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OFWs Can Learn Digital Literacy and Small Business Skills with Facebook and OWWA Partnership

These training workshops are available for their families, too
By Nicai de Guzman |

OWWA Administrator Hans Leo Cacdac and Facebook Director of Community Affairs, Asia Pacific Clair Deevy at the Migrants' Workers Day 2018

 

 

Facebook Philippines and the Overseas Workers Welfare Administration (OWWA) have teamed up to promote digital literacy and small business skills using social media among Overseas Filipino Workers (OFWs). This partnership was announced during the celebration of Migrant Workers Day in the Philippines.

 

OWWA Administrator Hans Leo Cacdac said that OFWs work very hard for their families and communities. Through his experience with OFWs, some of whom have connected with him personally via Facebook, he realized that the social media platform became “a life line, a hope line, an assurance line,” for Pinoys everywhere. This is why OWWA wants to make sure that they can support them in the best possible way.

 

“We are very excited to have Facebook on-board as we continue to uplift the quality of lives of our modern-day heroes—both through digital literacy and small business training,” he said.

 

 

Digital literacy training

Through educational programs and workshops, OFWs will have access to resources that will help them gain knowledge about privacy and safety, critical thinking and empathy, and even spotting fake news, according to Clair Deevy, Facebook director of community affairs, Asia Pacific.

 

This will be integrated in the exit program of OFWs as a one-hour digital literacy workshop. At the same time, informational videos will be played in OWWA offices and posted on their online platforms.

 

For the safety and privacy part of the training, participants will be given tips such as using correct settings for sharing. Deevy said that the critical thinking and empathy part of the workshop is important given the information overload one can experience on Facebook.

 

“How do you make sense of it especially when you are away from your family and friends? Even if you find out something to be true, what is the intent you have when you share it? Are you trying to bring joy and happiness? Or are you trying to harm?” Deevy said.

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This part of the module will teach departing Pinoys the difference between fact, opinion and false news. At the same time, a lesson about empathy is also shared, as well as how to practice empathy in a platform like Facebook, where bashing and cyberbullying can happen.

 

Spotting false news is another skill Facebook and OWWA wants to teach OFWs.

 

“Unfortunately there are bad actors out there who want to spread misinformation that are not true so we have some basic tips,” Deevy added. 

 

These tips include being your authentic self, choosing your friends wisely and being aware of scams.

 

This workshop was pilot-tested on 70 departing OFWs in May and Deevy said that it had been a “really fun and interactive” session.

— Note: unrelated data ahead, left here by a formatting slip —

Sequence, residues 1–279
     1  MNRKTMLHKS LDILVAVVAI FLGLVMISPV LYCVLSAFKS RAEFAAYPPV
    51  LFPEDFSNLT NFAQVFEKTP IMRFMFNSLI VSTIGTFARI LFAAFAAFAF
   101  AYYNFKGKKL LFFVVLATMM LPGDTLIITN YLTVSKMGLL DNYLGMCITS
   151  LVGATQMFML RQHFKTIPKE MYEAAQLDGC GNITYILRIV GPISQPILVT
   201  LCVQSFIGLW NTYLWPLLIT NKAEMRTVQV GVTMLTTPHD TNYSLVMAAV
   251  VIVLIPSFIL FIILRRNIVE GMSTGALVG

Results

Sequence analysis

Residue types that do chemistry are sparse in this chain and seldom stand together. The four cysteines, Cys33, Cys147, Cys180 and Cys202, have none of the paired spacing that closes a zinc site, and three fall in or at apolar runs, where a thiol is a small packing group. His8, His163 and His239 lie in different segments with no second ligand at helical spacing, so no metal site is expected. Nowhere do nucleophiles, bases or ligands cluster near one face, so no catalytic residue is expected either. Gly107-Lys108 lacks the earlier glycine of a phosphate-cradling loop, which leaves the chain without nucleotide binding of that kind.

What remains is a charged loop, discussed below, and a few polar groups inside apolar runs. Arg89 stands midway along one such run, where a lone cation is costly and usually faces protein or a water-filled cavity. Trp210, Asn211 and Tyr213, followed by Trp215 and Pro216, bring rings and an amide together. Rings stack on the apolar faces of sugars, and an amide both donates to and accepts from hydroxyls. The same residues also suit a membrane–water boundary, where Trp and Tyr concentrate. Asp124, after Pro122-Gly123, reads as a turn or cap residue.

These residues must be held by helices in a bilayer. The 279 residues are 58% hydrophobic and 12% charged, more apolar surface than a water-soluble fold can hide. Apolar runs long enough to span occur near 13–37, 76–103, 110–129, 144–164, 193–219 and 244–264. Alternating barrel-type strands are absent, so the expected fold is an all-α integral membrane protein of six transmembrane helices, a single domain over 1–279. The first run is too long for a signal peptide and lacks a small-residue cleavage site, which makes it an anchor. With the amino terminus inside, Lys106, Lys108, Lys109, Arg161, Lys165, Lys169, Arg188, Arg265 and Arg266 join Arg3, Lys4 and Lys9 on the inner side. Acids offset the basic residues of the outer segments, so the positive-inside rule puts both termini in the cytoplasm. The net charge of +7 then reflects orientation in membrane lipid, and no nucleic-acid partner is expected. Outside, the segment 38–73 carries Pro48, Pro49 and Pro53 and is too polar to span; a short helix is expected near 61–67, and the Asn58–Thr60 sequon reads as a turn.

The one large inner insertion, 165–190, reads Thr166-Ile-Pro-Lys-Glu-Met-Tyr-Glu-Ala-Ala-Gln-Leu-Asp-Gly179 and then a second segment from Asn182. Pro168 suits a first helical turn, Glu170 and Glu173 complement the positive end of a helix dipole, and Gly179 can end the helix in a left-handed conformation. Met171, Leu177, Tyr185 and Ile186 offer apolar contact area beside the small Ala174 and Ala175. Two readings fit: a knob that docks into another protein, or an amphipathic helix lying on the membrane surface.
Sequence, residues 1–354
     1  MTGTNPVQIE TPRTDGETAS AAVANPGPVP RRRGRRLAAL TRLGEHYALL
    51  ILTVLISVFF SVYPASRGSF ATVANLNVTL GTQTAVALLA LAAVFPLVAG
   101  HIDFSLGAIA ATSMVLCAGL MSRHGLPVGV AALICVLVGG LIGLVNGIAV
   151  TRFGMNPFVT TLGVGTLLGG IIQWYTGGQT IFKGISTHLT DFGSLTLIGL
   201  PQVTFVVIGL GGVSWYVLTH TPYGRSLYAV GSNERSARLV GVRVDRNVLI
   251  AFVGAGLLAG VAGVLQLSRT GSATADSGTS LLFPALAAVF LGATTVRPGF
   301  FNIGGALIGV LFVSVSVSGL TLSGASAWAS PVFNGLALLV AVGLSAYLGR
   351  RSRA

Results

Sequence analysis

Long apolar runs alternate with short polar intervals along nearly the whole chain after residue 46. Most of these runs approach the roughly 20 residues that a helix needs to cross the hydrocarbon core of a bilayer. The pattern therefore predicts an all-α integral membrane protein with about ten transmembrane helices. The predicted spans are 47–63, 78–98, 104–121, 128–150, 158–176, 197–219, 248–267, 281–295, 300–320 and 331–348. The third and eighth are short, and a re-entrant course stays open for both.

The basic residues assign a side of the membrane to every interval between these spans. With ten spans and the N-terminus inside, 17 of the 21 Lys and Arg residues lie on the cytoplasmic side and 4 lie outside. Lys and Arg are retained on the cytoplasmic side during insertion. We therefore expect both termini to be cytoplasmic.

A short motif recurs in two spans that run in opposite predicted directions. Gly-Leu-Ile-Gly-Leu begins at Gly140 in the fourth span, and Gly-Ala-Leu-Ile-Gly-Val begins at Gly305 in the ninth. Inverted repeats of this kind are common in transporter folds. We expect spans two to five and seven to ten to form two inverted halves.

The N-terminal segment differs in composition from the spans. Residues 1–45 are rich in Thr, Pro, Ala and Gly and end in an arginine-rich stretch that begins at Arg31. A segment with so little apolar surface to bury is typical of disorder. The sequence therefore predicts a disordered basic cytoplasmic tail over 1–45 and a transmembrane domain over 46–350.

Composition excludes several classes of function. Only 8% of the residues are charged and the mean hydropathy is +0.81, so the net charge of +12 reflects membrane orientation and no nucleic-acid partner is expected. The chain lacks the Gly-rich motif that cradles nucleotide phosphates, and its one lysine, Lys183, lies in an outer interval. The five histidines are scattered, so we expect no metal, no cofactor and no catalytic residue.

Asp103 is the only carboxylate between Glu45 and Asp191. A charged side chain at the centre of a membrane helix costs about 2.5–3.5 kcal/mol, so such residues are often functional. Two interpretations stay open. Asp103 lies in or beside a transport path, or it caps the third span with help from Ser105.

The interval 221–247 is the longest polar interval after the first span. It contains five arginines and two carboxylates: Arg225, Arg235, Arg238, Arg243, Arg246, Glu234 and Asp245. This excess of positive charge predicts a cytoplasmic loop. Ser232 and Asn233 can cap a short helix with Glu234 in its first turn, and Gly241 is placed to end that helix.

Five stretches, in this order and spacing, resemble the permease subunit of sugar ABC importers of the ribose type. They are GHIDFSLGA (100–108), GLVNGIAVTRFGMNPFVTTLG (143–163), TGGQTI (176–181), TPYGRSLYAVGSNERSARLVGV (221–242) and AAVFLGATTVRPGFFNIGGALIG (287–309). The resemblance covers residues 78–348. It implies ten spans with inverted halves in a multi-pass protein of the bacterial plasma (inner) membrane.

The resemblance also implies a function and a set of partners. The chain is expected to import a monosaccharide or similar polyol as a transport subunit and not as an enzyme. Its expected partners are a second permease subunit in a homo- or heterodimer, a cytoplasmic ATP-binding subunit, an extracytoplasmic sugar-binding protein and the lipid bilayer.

This program will officially start by July and Facebook and OWWA hopes to reach over 40,000 OFWs this year.

 

 

Boost your business

Another concern that OFWs have is how they can use their hard-earned money and savings for business. Since 2017, Facebook has been running programs like Boost Your Business and She Means Business, which are training modules for aspiring entrepreneurs. She Means Business has been partnering with groups like Connected Women to give Pinays opportunities to connect with women entrepreneurs around the world.

 

OWWA has also been training OFWs and OFW family circles for skills like baking, sewing and being local tour guides for their areas—skills that will give way to different business opportunities.

 

This is complemented by Facebook’s Boost Your Business module, which teaches OFWs and their family circles on Facebook marketing techniques. This includes how to set up a page, how to manage a page, how to understand page insights, how to manage Instagram, taking good photos and more. 

 

For this program, they will also be given a notebook with a checklist on what they can do to their page for the first 30 days, 60 days and 90 days. 

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Currently, Facebook and OWWA are targeting around 1,500 OFWs and OFW family circles for this training. The locations and provinces being targeted for this program are being mapped out but Cacdac said that they will be definitely be announcing this to their members and circles.

 

Non-members can also participate as they will be also posting details about these workshops in their Facebook page.

 

“They could express interest before leaving, during or upon return via our hotlines, Facebook page and Twitter. We will open up the lines for anyone interested,” Cacdac said.

 

He added that the training is very timely because he has met a lot of OFWs who were able to grow their business on Facebook.

 

“The playing field in business has been leveled greatly by Facebook. They have the same capacity to draw likes and followings with big business. They can compete at par,” he said.

 

Deevy said that as OFWs use Facebook to connect with their friends and loved ones back home, they also create a tremendous impact worldwide.

 

“Together with OWWA, we want to help OFWs to have a positive and authentic experience online and gain business skills that would help their families and communities,” she said. 

 

 

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Nicai is the marketing head of Rising Tide, a technology solutions company. She is also the Manila Bureau Manager of Probe Media Foundation's Mulat Pinoy-Kabataan News Network and a regular contributor for SPOT.ph. Follow her on Twitter, @nicaideguzman, and LinkedIn

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